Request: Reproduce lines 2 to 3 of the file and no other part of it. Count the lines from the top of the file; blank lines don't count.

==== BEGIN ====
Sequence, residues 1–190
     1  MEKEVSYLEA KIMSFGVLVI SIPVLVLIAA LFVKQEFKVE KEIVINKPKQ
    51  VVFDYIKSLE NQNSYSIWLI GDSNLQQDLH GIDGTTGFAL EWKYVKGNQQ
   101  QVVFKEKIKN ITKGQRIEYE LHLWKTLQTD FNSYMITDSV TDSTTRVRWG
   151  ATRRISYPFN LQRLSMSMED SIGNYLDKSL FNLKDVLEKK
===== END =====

     1  MEKEVSYLEA KIMSFGVLVI SIPVLVLIAA LFVKQEFKVE KEIVINKPKQ
    51  VVFDYIKSLE NQNSYSIWLI GDSNLQQDLH GIDGTTGFAL EWKYVKGNQQ